Getting right into it from the opening frames, Scorsese introduces us to swaggering local mob leader Frank Costello (an electric Jack Nicholson, making his Scorsese debut) who has graduated through the ranks of South Boston mobsters to rule his fiefdom with an iron grip. He has groomed a bright neighbourhood kid, Colin Sullivan (Matt Damon) from an early age to join the state police and be his inside man, tipping him off about the investigations against him, in the process allowing him to extend his influence into drugs and high-tech contraband. On the other side of the divide, an unstable rookie cop from the area, Billy Costigan (forcefully played by Leonardo DiCaprio) accepts an assignment from his superiors to go deep undercover and infiltrate Costello’s mob, which means he must change identity, serve time in prison and on release, gradually gain the respect of the psychopathic Frank. Both men enter their new double lives unaware of one another, and are both charged with discovering the others identity – flushing out the rat.
Both have the backup of their respective administrations; Damon’s police are led by Captain Ellerby (Alec Baldwin) and his undercover experts, Queenan and Dignam (Martin Sheen and a never-better Mark Wahlberg), while Di Caprio has to contend with Costello’s dangerous second-in-command, Mr. French (Ray Winstone) and two henchmen, Fitzy and Delahunt (David O’Hara and Mark Rolston). It’s a brilliant set-up for the tense, twisting, violent drama that follows; rich with the language and psychology of the streets and fused for detonation as each man becomes consumed by his double life, each trying to smoke the outer out and suffering the consequences of living under a death sentence. The two moles lives also intersect at the point of police psychologist Madolyn (Vera Farmiga), who starts a relationship with Colin at the same time as she starts to counsel Billy, who comes to see her as part of his parole.
Of the three leads he has played for Scorsese, this is by some distance DiCaprio’s best, matched step for step by Damon. Both give astonishing performances, mature and grounded, playing men disintegrating under the strain of double lives and constantly on the verge of being found out. The film belongs, however, to Nicholson, who is just astonishing, delivering a performance of rare menace and constant threat, leavened with a dark streak of bilious humour and some killer one-liners. Still crazy after all these years, Nicholson here is the personification of evil, insane and bloodthirsty. The other noteworthy supporting performance is from Alec Baldwin, playing the cocksure, unstable police captain with an irrepressible abandon.
The brilliant script, from Boston native William Monahan takes the central notions from Infernal Affairs and spins them out into a beautifully positioned meditation on identity and guilt, like so many of Scorsese’s films, where sin and suffering are endured in the hopes of eventual redemption. These characters, the situation they find themselves in and their relentlessly cynical attitudes make The Departed Scorsese’s most uncompromisingly bleak film, darker and less forgiving even than Taxi Driver, where the abject nihilism was at least tempered by a hint of redemption. Here we descend into a startling closing reel, another sustained Scorsese bloodbath of violence and retribution, played ultra-realistically for maximum effect. Michael Ballhaus’ fluid camera, filled with dramatic noir shadows, gives the film a tremendous texture, matched by the peerless control of editor Thelma Schoonmaker and a rousing Scorsese soundtrack of ocassionally celtic-derived rock and roll. And the Rolling Stones, naturally.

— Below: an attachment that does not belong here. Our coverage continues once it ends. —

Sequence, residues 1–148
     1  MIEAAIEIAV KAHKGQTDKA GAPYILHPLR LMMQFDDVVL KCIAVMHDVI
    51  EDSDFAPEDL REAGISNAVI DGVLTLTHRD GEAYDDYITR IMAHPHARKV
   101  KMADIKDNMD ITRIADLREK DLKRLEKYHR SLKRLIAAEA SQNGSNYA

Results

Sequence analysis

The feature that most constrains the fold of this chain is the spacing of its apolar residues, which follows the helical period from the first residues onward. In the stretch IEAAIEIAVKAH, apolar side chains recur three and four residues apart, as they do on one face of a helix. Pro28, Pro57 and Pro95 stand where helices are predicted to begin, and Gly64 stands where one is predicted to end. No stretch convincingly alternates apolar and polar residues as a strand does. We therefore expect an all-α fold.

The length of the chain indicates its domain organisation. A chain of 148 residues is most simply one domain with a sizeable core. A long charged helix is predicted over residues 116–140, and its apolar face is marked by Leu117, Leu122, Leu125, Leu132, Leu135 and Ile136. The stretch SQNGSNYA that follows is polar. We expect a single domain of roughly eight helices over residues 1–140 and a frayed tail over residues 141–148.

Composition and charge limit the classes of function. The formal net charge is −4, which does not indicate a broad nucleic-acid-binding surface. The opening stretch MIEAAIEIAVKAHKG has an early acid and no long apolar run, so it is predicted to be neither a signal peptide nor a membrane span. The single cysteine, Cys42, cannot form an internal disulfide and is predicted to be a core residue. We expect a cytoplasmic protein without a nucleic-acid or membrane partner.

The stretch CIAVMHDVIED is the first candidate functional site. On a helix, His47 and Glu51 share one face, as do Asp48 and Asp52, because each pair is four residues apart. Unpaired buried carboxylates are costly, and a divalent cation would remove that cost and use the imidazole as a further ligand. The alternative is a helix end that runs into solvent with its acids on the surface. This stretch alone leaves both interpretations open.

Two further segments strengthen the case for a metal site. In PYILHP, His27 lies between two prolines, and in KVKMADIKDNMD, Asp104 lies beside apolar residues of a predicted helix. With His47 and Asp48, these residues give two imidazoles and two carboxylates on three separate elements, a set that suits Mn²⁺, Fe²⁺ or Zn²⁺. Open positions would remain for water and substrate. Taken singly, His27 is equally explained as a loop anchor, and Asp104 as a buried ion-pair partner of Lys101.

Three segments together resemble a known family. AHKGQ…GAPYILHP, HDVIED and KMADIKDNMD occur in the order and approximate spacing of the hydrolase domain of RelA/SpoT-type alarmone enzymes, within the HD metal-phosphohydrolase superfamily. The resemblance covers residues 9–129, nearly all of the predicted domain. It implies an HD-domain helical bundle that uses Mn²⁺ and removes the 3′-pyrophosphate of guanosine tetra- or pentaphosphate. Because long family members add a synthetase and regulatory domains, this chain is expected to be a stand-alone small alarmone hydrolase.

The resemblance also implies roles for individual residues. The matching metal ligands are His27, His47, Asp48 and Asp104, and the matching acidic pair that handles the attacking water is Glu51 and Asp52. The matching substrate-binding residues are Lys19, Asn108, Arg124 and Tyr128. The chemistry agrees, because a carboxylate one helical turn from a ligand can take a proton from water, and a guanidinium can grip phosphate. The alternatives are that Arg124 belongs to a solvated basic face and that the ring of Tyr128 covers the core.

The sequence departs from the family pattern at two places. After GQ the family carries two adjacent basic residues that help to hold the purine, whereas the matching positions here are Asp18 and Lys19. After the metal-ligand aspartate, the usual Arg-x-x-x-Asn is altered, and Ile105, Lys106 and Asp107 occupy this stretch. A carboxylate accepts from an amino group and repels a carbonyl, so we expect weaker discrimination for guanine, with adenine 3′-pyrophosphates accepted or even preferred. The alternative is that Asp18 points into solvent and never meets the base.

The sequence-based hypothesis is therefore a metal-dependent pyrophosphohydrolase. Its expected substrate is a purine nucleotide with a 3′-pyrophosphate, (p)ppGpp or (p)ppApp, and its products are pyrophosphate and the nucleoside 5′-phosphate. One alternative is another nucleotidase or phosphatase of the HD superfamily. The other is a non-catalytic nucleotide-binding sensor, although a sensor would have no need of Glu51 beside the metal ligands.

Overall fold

Far from being just another gangster yarn, The Departed is a rich and rewarding film. Scorsese uses the colour red throughout the film to signify death and danger, particularly in a demonic scene at the opera where Nicholson leers directly into the camera. The letter ‘x’ is also used symbolically, scratched on windows and floors as a tribute to the 1932 movie Scarface. Being Scorsese, the film is packed with other references to classic cinema. A scene with Damon and a mobile phone set on vibrate matches Hitchcock for drawn-out suspense. A chase through a Chinese neighbourhood recalls The Lady From Shanghai, with another nod from The Third Man that has Madolyn ignore Colin at a funeral, walking past him with a devastatingly eloquent thousand yard stare.
Following in the wake of indifferent, similarly expensive and high-profile, offerings from his fellow noir-influenced directors Brian De Palma and Michael Mann, Scorsese shows his true class in The Departed; a gripping crime story, brilliantly realised and boasting career-best performances from the three top-lining actors. Emerging from the screening, the first thing I wanted to do was go back in and see it again. The director says this will be his last gangster picture. Let’s hope he changes his mind.
Departed to the judgment,
A mighty afternoon;
Great clouds like ushers leaning,
Creation looking on.
The flesh surrendered, cancelled
The bodiless begun;
Two worlds, like audiences, disperse
And leave the soul alone.
Emily Dickinson [wiki]